What's wrong with catalog drug sales?


I patiently explained the technique several times, but Mr. Bungle didn't seem to be able to grasp the concept.

I patiently explained the technique several times, but Mr. Bungle didn't seem to be able to grasp the concept.

There was nothing to do but keep trying.

"Now, remember," I said. "After you measure the insulin in the syringe, you have to put the needle through the skin, inject the liquid and then pull the needle back out."

Mr. Bungle proceeded to draw the appropriate amount of practice saline into the syringe. Then, for the tenth time, he put the needle into the cat, pulled it out and squirted the liquid onto the fur. After several decades of teaching pet owners how to control diabetes in dogs and cats, I was beginning to sense that my first failure was at hand.

We continued our training session using a roll of paper towels as the victim, but after countless foul-ups, I had to admit I'd met my match. I wanted things to be done in the following order: in-shoot-out. Mr. Bungle's brain would only go: in-out-shoot. Luckily, I was able to find a solution. This particular cat turned out to be one that could be stabilized on oral medication and eventually Mr. Bungle did master the ability to give the pill.

The same day as that ill-fated training session, I got a phone call from Dr. Helpful, a colleague who ran into a similar problem in her practice. It seemed that the use of intra-nasal vaccine was causing a great deal of side effects in Mr. Whaler's cattery. Being a breeder with a large number of cats and an avid do-it-yourselfer, Mr. Whaler had been ordering his vaccines by mail and administering them himself. Unfortunately, his cats were reacting painfully to the vaccine and the noses were staying swollen for up to two weeks afterward. Dr. Helpful checked the product he had been using. It was the proper vaccine, it was not outdated and caused no reaction when she administered it to one of her own cats. She thought, perhaps, that it was an allergy of some sort that ran in Mr. Whaler's line of Persians.

Her next step was to have Mr. Whaler bring in one of his cats and administer the vaccine in her office so that one of the reactions could be observed first hand. She watched as he mixed the vaccine, drew it up into a syringe with an 18-gauge needle, and proceeded immediately to harpoon the cat right between the nostrils. In her defense, let me say that the stabbing took place so quickly that she barely had time to react to what she was seeing, otherwise she would have stopped him from injecting the vaccine. At any rate, the reason for the sore noses became obvious at that point.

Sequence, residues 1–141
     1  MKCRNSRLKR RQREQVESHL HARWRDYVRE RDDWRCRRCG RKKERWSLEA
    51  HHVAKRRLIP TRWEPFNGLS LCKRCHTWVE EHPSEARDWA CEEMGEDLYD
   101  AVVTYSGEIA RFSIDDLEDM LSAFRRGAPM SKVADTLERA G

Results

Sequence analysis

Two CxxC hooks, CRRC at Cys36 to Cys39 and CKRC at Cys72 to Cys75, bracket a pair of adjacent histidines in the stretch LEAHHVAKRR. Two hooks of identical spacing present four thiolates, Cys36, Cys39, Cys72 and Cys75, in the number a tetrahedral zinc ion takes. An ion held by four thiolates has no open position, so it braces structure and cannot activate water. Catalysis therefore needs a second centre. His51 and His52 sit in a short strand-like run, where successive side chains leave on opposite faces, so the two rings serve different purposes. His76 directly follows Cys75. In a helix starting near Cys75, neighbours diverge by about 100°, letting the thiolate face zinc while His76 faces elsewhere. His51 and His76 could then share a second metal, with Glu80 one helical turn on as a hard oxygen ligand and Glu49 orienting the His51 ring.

Why am I telling you about these people? Because they are just two of the millions of reasons that I believe vaccines should be sold in drug stores, pet stores and mail order catalogs.

Need more examples? How about Mrs. Foggythought. She scheduled an appointment to have her dog examined. He wasn't having any problems. She just wanted a check-up. I pointed out that although he seemed to be in fine health, he was due for his vaccines.

"That's why we're here, Doctor," she said. "I got his shots from Polyp & Carbuncle's catalog, but the label warns that pets should be healthy before vaccination, so I thought we'd have you examine him. By the way, I don't know how to give a shot, so as long as we're here, can you give the stuff for me?"

A glance at the vaccine she had purchased, along with a few questions, revealed that it was outdated and had not been properly refrigerated. Neither of those things mattered though, since it was cat vaccine and wouldn't do her dog any good anyway.

My point is that administering injections is a very easy thing for those of us who do it hundreds of times a week. But I cringe at the thought of people teaching themselves to do it at home with essentially no qualified instruction. After all, spays are simple, too, after you've done a few thousand of them. But no one would consider marketing a do-it-yourself spay at kit. (Or would they?)

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